Cognitive Behavioural Therapy for Social Anxiety Disorder - Indonesian Psychological Healthcare Center


Cognitive Behavioural Therapy for Social Anxiety Disorder

Cognitive Behavioural Therapy for Social Anxiety Disorder

Authored by: Christiana Louisa Ticoalu, M.A., Psychology & Management
Language Editor: Alda Belinda, S. Psi.
Clinical Editor: Dr. phil. Edo S. Jaya, M.Psi., Psikolog

A Quick Refresher

What is Social Anxiety Disorder?

Most individuals are affected by how others perceive various aspects of themselves, including their physical appearance, accolades and achievements. It is not uncommon for individuals to be nervous, even fearful, when placed in certain social situations (for instance, being tasked to give a speech in public) for fear of embarrassing themselves. Whilst it is not uncommon to contemplate what others think of us and how they perceive us, individuals with social anxiety disorder possess an extreme fear of situations that may lead to social scrutiny and possible negative external appraisal. Situations that may initiate anxiety may include

  • Social interactions (such as holding a conversation with authority figures, e.g. one’s boss)
  • Completing an activity whilst others observe oneself (for instance, eating food in one’s school cafeteria or office space)
  • Performing in front of other people (for instance, giving a toast at a wedding).

Moreover, individuals with social anxiety disorder present behaviours that are disproportionate to what is considered normal, or expected, within a given social situation or cultural context. Collectively, the symptoms of the condition last several months. Further, they are detrimental to one’s day-to-day life and may lead to considerable distress and impairment across important life domains, interfering with functioning (social, occupational or otherwise). Normal functioning is typically only maintained through conscious exertion of additional effort.

Importantly, the symptoms of social anxiety disorder are not better explained by another mental health condition.

Symptoms of Social Anxiety Disorder

For a comprehensive list of social anxiety disorder symptomatology, we recommend you visit the ICD-11 webpage.

Clark and Wells Model

What is Cognitive Behavioural Therapy for Social Anxiety?

Clark and Wells formulated a behavioural model of social phobia (a condition contemporarily referred to as social anxiety disorder). According to the researchers’ model, entering a feared situation leads to the automatic activation of beliefs and assumptions. Individuals with social anxiety disorder are apprehensive in their approach to social situations, interpreting them as threatening or dangerous.

Individuals fear they will not fulfil the expectations they perceive others will place upon them or their expectations of themselves. This leads to automatic affective, attentional, behavioural and somatic processing, a state that contributes toward a maladaptive cycle, a part thereof that functions to maintain social anxiety.

Clark and Wells Model

Clark and Well theorize that entry into social situations leads to the activation of unhelpful beliefs, leading an individual to perceive the social situation as threatening. This subsequently leads to a detailed, attentional shift inwards, coupled with heightened self-focused attention. These individuals demonstrate an automatic tendency to compare themselves to what they believe others expect of them. This facilitates three specific, maladaptive, dysfunctional assumptions regarding social situations that surround:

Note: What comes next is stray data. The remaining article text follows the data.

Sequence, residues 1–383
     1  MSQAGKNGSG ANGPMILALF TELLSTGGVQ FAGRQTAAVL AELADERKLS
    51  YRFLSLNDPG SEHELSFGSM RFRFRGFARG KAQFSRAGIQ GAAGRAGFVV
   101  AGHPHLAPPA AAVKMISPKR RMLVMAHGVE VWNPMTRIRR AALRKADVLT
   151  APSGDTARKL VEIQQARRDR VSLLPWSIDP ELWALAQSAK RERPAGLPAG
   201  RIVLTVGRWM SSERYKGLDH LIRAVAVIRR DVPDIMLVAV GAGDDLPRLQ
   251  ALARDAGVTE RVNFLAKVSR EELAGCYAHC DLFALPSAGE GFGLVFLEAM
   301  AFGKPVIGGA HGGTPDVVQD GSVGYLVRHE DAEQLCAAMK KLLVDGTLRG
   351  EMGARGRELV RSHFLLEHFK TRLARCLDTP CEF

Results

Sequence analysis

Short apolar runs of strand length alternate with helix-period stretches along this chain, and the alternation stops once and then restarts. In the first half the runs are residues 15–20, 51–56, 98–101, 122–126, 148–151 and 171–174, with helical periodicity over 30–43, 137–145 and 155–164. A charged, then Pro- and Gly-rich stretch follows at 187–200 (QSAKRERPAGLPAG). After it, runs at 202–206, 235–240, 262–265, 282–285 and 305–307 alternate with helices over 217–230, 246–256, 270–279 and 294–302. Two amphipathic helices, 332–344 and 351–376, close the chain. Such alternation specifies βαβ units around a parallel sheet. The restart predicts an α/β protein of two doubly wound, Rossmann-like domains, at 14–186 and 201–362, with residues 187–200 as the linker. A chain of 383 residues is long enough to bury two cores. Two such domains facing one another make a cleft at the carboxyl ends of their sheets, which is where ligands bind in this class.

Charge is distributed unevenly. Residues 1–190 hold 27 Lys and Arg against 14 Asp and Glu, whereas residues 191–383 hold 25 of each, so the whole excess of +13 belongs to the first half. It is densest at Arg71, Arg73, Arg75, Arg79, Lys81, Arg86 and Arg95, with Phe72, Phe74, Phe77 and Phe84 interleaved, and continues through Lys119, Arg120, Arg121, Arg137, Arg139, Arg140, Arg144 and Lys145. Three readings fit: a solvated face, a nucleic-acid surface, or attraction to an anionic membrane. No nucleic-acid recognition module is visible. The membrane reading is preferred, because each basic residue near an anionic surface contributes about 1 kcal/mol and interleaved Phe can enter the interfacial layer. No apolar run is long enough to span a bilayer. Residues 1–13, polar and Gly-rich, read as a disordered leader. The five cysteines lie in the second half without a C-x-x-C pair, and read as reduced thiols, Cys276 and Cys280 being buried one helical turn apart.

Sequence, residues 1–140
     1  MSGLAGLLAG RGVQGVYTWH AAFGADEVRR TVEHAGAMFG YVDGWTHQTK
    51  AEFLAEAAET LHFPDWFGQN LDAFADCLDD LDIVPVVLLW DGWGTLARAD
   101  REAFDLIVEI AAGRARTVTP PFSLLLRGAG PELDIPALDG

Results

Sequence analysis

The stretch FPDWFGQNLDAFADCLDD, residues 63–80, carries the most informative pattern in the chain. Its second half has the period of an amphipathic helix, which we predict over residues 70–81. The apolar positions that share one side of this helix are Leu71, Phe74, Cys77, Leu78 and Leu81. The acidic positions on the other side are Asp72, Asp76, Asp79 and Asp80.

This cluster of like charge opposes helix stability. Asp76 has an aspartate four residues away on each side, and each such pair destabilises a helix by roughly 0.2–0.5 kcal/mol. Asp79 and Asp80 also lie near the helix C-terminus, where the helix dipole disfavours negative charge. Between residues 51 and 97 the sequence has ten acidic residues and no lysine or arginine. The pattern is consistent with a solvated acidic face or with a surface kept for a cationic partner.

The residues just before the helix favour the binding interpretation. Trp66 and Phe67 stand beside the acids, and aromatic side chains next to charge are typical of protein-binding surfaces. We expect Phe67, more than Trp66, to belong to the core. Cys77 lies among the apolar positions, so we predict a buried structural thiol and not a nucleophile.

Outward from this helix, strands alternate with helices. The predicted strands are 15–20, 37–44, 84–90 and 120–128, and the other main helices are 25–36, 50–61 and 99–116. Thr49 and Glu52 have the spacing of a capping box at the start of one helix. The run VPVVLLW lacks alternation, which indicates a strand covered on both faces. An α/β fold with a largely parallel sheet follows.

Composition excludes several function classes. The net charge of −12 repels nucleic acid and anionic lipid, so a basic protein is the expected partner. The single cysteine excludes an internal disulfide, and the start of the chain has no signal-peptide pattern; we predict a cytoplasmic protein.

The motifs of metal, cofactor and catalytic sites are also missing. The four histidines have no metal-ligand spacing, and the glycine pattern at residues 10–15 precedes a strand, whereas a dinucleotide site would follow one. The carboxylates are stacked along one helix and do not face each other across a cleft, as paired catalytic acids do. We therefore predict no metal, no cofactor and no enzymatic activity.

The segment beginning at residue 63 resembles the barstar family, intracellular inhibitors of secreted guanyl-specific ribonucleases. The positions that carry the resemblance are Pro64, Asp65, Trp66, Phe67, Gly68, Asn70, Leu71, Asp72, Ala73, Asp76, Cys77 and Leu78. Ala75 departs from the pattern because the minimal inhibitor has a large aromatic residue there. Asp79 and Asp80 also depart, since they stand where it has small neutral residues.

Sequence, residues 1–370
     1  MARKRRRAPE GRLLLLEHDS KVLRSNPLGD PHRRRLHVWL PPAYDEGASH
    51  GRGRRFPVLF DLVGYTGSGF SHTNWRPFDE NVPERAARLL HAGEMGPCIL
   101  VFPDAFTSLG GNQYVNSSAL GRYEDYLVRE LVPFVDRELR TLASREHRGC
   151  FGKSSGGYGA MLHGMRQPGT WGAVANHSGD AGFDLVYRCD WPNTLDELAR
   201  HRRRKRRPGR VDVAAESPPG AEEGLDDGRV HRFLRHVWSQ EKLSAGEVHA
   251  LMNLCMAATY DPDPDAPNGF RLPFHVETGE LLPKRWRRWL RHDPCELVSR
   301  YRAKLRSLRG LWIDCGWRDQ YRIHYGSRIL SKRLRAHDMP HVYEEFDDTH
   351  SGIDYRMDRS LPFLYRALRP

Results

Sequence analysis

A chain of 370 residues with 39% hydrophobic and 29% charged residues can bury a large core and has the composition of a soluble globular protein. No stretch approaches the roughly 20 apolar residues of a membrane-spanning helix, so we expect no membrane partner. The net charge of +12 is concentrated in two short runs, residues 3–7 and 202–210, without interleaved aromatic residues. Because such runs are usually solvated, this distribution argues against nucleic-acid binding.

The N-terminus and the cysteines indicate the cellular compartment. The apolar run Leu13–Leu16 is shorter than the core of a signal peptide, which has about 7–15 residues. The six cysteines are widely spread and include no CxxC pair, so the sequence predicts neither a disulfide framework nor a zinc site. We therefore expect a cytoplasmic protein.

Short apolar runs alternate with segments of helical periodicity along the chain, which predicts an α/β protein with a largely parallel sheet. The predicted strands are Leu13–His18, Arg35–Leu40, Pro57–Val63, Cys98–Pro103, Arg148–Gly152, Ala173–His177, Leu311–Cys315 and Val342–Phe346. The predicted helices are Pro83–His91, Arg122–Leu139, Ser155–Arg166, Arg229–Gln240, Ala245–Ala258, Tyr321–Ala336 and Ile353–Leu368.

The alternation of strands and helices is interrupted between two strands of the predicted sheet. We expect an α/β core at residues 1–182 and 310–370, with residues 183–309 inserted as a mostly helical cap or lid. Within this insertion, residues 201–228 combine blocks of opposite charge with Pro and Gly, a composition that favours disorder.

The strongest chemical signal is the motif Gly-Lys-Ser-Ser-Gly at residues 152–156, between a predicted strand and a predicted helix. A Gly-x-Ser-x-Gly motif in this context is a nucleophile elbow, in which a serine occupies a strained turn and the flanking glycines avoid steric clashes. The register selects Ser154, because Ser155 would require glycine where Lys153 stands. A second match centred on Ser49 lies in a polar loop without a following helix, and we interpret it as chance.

Excessively high standards for one’s social performance

Any perceived deviations away from “perfection” may be internalized and interpreted as a personal failure. For instance, an individual with a social anxiety disorder may hold the belief that others may perceive them as “fun”, “competent”, “good looking”, and “smart”.

Conditional beliefs

Demonstrating “unstable self schemata”, individuals with social anxiety disorder hold negative beliefs about themselves. These beliefs are conditional and readily activated based on marked social situations. This leads individuals to adopt different maladaptive beliefs. For instance, those with social anxiety disorder may believe “if I present myself as boring or make mistakes, others will dislike me”.

Unconditional beliefs

Individuals with social anxiety disorder process the self as a social object. Their negative view of themself is perceived to be an accurate depiction of how others in their environment perceive them. They tend to believe “what others think of me is unequivocally, objectively true” (e.g. People believe I am unlikeable and inferior, and therefore I am). These stringent beliefs further provoke and perpetuate symptoms of anxiety.

Somatic and cognitive symptoms
  • This self-focused attention promotes both cognitive and physiological symptoms of anxiety (such as sweating, blushing, a racing heart, and an unsteady voice) and the subsequent activation of more dysfunctional beliefs. Important to note is that individuals with social anxiety disorder tend to be hypervigilant of these symptoms, increasing their overestimation of their intensity.
  • Furthermore, individuals with social anxiety disorder believe these symptoms will be noticed by others, leading others to evaluate them more negatively. For instance, they may hold the belief that “others will notice my fast-paced breathing” or “others will notice my shaking hands” and “others will consequently evaluate me negatively”.
  • This consequently leads to a further escalation of social anxiety’s psychological and somatic symptoms.
Behavioural symptoms